I like the idea of separating “style” and “technical adjustments”. Unfortunately I don’t see it being more useful then retouching each photo individually. You seem to have a huge amount of presets for each slider. Hence you have to try which one works best for the given photo and still you end up with multiple versions of one photo after 10 minutes! Sticking to your example of 5000 images you would end up with 25000 images and a total editing time of 35 days! My mean time of doing adjustments to a photo slider by slider is 30sec – 1min.
    The main key of cutting down your editing time is to keep your settings consistent (e.g. manual whittebalance and ISO). Like this, you can edit per scene and not per image. Oh, and delete the mediocre pictures…just get rid of them and don’t look back!!!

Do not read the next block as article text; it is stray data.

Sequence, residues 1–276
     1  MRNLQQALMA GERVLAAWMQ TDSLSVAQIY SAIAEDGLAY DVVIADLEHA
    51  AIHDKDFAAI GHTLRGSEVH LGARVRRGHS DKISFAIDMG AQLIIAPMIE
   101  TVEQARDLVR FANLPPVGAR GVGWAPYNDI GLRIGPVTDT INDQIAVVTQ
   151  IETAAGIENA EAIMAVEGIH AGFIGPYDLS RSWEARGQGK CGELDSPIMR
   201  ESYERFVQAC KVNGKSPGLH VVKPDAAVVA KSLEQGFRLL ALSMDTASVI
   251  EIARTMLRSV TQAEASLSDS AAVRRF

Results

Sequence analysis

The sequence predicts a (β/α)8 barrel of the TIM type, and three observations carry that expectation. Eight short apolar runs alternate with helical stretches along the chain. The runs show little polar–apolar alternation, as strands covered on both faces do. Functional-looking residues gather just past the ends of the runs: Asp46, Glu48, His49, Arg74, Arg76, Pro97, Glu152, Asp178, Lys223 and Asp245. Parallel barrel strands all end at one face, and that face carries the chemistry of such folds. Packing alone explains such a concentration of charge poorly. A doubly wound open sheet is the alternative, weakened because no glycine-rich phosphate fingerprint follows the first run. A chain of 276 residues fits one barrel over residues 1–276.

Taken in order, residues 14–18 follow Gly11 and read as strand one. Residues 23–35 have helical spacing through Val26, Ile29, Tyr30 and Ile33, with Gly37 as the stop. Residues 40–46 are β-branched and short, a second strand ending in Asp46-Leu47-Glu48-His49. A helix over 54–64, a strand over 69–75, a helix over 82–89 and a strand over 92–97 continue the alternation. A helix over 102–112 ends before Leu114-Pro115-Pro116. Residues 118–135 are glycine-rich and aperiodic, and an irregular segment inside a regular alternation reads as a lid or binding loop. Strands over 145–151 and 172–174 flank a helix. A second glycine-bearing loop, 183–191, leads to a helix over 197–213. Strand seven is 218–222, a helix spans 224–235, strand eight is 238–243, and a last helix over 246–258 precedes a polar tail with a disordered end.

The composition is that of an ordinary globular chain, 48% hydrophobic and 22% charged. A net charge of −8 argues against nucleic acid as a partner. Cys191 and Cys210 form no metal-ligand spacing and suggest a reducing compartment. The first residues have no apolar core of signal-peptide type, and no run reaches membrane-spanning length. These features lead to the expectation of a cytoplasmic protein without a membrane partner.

• Mario,
    in the article I demonstrated how I edit the portfolio piece not the process of culling. When I have 5000 image and I need to select the “keepers” I use 2 step culling process I outlined in one of my tutorials here:

  • Phil Shaw

    Enjoyed th article. Could you elaborate on how you create the last 10 Toolkit presets (vignetting and skys) as these would seem to be inherently dependent on the composition of the image.

  • for vignetting I use Post-Crop Vignetting sliders in Effects panel and for sky Graduated Filters. ToolKit adjustments override corresponding Style adjustments. I am not sure if it was clear.

  • Still too much editing job, too many presets means far more complex than those sliders. How about shoot less, cull ruthlessly, editing handful of photos in Capture one, only a few special effect we may need photoshop.

  • Hello victor,
    You have shared the best thought i really enjoyed the full article.

  • NJP

    Assuming you are creating this for a portfolio, wouldn’t you want more precise control over the adjustments?

    I could see this being effective for a wedding or portfolio shoots with batches of photos having similar/same light conditions, but for a single landscape shot it just seems like giving it short shrift.